YouTube insists there are no videos on its platform that promote the so-called "Momo Challenge" -- an online game that encourages children to do self-harm and ultimately commit suicide.
"We want to clear something up regarding the Momo Challenge: We’ve seen no recent evidence of videos promoting the Momo Challenge on YouTube," the Google-owned video sharing platform said in a series of tweets.
YouTube maintains that videos that encourage harmful and dangerous challenges violate its policies. It also urges users to flag videos containing inappropriate online content, and offered a link that shows how to report them.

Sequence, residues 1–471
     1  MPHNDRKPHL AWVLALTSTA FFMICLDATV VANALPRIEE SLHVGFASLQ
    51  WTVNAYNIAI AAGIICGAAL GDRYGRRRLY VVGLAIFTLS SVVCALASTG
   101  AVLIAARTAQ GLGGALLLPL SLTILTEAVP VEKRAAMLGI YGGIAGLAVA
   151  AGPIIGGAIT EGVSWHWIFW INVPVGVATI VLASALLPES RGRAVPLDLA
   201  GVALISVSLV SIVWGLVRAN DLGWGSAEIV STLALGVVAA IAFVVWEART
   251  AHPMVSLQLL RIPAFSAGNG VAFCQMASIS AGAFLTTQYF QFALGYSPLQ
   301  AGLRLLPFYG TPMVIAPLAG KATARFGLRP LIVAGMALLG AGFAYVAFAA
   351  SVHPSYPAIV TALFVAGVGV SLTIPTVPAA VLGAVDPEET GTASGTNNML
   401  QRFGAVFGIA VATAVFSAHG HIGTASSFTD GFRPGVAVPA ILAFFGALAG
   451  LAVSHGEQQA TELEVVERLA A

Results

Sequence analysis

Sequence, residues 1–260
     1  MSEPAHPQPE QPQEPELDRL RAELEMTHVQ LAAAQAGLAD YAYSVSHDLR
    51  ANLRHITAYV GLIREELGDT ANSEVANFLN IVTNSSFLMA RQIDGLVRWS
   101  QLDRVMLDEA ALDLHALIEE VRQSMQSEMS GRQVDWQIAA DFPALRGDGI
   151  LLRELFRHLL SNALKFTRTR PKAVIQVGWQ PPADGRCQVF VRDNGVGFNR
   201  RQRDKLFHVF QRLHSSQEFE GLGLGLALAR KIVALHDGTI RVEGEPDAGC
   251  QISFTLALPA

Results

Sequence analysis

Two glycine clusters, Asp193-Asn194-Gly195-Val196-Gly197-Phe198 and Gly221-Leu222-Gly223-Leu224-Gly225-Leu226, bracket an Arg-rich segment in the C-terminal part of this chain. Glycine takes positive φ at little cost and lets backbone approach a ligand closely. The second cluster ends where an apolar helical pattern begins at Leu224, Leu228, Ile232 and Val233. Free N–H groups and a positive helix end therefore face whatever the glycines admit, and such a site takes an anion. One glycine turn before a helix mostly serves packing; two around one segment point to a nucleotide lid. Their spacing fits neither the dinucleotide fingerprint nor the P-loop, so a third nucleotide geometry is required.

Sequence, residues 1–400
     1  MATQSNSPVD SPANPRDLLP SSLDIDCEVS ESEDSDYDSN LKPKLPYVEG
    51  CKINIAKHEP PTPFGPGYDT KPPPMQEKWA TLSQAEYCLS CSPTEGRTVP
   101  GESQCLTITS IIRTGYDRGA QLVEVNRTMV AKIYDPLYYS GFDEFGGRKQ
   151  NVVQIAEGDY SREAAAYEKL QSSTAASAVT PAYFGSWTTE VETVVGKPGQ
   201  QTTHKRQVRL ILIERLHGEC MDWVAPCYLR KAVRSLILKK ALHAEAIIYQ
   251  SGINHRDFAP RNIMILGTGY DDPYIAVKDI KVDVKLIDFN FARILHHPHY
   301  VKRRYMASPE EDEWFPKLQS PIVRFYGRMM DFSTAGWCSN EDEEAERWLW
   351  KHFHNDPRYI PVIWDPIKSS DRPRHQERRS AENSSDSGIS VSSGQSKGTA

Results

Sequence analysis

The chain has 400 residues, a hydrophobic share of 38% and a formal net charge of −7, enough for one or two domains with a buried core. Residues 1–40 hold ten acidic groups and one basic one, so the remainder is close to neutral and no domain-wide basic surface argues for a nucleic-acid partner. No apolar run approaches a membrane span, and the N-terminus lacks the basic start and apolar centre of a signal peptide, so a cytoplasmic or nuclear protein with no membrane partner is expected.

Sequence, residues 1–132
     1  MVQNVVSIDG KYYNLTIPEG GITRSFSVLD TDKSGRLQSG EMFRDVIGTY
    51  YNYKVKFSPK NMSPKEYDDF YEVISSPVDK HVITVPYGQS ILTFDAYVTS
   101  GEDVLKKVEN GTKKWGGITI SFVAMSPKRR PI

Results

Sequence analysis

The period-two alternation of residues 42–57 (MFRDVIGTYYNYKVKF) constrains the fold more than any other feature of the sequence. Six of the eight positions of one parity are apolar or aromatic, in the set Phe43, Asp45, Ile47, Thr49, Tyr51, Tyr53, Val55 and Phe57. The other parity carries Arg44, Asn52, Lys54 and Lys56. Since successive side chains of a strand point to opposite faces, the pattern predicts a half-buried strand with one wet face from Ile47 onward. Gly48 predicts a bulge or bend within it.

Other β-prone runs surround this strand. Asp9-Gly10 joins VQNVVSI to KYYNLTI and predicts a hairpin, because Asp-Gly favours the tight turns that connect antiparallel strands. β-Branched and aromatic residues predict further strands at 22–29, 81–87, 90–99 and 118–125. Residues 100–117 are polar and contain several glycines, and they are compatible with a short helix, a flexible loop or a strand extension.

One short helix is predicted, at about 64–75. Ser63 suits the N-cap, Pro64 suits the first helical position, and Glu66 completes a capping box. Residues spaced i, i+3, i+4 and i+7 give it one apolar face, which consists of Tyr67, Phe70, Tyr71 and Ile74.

A look at YouTube's guidelines shows that videos showing harmful and dangerous challenges may get age-restricted or removed depending on severity.
The statement comes amid news reports that some YouTube videos catered to kids contained spliced videos that teach children to harm themselves or end their lives.
At least two parents from the Philippines have also claimed their children became suicidal allegedly after watching videos related to the Momo Challenge.
Authorities have called on parents to be aware of such videos being spread on internet platforms.
A group in the Philippines is dedicated to addressing those who have suicidal tendencies.
The crisis hotlines of the Natasha Goulbourn Foundation aim to make these individuals feel that someone is ready to listen to them.
These are their hotline numbers:
(02) 804-HOPE (4673)
0917 558 HOPE (4673)
2919 (toll-free number for all GLOBE and TM subscribers)